When I was buying a new (to me) car this past winter, I drove all around Northern Virginia scoping out my options. For one test-drive, I found myself navigating the twists and turns of Ft. Belvoir. Though the military base is not far from where I live, I had never been inside the gates before. I was surprised at the expanse and attempted self-sufficiency of the place; it had (or tried to have) everything, from the bank to Starbucks to gas stations. Its cookie-cutter Main Street was what I imagine every time some pundit talks about middle America.
Can you rewrite the past?
Bestselling novelist Octavia Frost would certainly like to. And though she can’t erase the painful past that haunts her, she can change the only thing it seems she has any power over: her work.
In the wake of World War I, the U.S. economy boomed, and bootleggers amassed fortunes during the Prohibition of the raucous Roaring Twenties. The Great Gatsby, F. Scott Fitzgerald’s iconic portrayal of the Jazz Age (as it was also called), encapsulates the optimism and prosperity of this technologically advancing generation.
After being severely wounded in the last book, The Girl Who Played with Fire, Lisbeth Salander wakes up in the hospital with one hell of a headache—only to find that her assailant/father is recovering only a few doors down.
After firmly re-establishing himself as the fearless investigative journalist and publisher behind Millennium magazine—a publication once scorned for its inaccuracy that is now flying off newsstand shelves—Mikael Blomkvist is, once again, on top of his game. So when he is approached by Dag Svensson, a young man who has just spent years writing a dissertation on sex trafficking, Mikael is immediately taken by the idea of publishing Svensson’s controversial findings.
Mikael Blomkvist is a journalist and the publisher of Millennium magazine in Stockholm, Sweden. A year ago, he had everything going for him; he loved his job, and his oddly romantic relationship with his business partner and best friend Erika Berger had never been better.
The Adventures of Huckleberry Finn picks up where The Adventures of Tom Sawyer left off. The Widow Douglas adopts Huck, and he goes to live with her and her sister, Miss Watson. But Huck isn’t taking to his new life too well; though he wants to please the Widow, he finds himself making mistakes in his new life everywhere he turns.
Eliza Benedict leads a very normal life. She ought to; she’s worked hard enough for it. But there are some things Eliza can’t forget—and some things that she cannot leave behind.
This first book in the Edge Chronicles begins with an atmospheric description of the world on the Edge. Twig, the main character, is a young boy who just never seems to fit in with the woodtrolls around him. Ostracized by his “peers,” Twig longs for acceptance.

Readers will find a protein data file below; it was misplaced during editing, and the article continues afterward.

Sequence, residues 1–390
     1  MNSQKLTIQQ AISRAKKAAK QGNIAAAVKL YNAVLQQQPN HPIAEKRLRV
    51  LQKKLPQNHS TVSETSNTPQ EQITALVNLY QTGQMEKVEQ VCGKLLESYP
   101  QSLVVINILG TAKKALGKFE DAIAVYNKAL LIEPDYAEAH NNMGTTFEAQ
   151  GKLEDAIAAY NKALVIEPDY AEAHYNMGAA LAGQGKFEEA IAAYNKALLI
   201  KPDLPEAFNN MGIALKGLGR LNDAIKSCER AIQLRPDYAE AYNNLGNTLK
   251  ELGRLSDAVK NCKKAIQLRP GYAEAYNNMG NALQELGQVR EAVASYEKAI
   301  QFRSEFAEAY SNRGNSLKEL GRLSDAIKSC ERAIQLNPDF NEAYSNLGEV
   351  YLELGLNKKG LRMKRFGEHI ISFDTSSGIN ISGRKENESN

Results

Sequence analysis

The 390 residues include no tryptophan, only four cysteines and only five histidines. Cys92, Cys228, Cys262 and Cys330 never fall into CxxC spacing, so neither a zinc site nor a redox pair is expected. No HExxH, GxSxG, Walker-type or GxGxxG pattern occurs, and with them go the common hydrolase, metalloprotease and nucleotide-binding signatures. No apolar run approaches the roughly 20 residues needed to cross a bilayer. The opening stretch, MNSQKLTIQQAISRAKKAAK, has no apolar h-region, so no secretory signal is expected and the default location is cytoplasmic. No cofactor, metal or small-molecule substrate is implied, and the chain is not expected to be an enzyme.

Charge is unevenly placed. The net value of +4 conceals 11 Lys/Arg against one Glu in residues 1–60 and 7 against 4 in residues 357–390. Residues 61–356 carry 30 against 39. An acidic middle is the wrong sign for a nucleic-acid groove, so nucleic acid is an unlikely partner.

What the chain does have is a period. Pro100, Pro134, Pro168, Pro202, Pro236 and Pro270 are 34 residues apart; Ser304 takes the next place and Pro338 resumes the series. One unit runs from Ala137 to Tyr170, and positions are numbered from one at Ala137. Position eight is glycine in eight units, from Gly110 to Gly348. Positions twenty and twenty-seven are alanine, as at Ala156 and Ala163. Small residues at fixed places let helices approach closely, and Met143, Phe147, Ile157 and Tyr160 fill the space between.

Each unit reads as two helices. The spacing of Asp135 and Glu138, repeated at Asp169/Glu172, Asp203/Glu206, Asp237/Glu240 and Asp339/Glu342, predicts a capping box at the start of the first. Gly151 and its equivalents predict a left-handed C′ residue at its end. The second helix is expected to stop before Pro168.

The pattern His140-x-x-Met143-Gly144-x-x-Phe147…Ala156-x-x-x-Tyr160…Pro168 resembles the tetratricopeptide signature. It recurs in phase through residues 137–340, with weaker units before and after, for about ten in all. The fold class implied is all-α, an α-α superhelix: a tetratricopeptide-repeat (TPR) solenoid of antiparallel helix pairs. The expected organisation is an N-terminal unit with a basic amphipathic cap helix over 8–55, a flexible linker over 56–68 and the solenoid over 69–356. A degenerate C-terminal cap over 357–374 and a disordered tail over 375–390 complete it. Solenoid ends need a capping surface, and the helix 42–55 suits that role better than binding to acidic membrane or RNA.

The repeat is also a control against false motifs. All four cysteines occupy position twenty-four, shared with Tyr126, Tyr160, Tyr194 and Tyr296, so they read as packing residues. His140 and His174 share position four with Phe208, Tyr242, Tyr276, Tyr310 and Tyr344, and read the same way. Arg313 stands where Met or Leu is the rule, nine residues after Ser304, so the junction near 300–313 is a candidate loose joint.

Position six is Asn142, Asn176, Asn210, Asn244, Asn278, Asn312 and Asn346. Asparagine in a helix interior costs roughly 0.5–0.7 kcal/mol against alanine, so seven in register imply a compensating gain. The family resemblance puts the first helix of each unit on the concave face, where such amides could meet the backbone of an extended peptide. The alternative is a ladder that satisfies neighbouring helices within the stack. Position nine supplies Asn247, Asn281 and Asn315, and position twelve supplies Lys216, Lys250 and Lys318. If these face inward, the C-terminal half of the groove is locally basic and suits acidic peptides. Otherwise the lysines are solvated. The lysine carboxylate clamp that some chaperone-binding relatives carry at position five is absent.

Joe Abercrombie’s new fantasy novel The Heroes continues in the world set in The First Law Trilogy. This time, he takes us to a single battle fought between the comparatively modern Union and the barbarians of the North. The story is told from the perspective of three Union and three Northern characters who all fight in the battle one way or another. Like Abercrombie’s previous novel, Best Served Cold, a few familiar faces from the first trilogy appear.
The Age of Innocence begins in New York City in the 1870s, in a social strata so high I almost got a nosebleed. Newland Archer has everything he could want: social prominence; a private box at the Academy of Music in New York; a fine cigar in the family study every night after his work at a law firm; an almost certain union with pretty and affluent May Welland.
For the thirty-plus years of her married life, Sylvie Woodruff has carefully monitored her words and appearance in the glare of the unforgiving spotlight trained on her, the New York senator’s wife. She works unceasingly to keep the pounds off and to support her husband’s career; even though some, like her mother, disapprove of Sylvie’s unflinching devotion to Richard, Sylvie is happy with him and the life they have built with their two daughters.
For the past ten years, Helen Adams has devoted her life to covering the Vietnam War.
When she first arrived in Vietnam in 1965, Helen’s only encounter with war had been her father’s tales of the Korean War and her brother’s letters home, and her only experience with photography was a high school class. Against all odds—and under the mentorship of the famed Sam Darrow—Helen begins to make a name for herself as the war’s first female photojournalist.
Crime and Punishment discusses the effects of mental anguish, morality, and social and fiscal responsibility. Dostoevsky carefully studies the intricate relations between characters rich and poor, male and female, powerful and powerless, sane and mentally ill.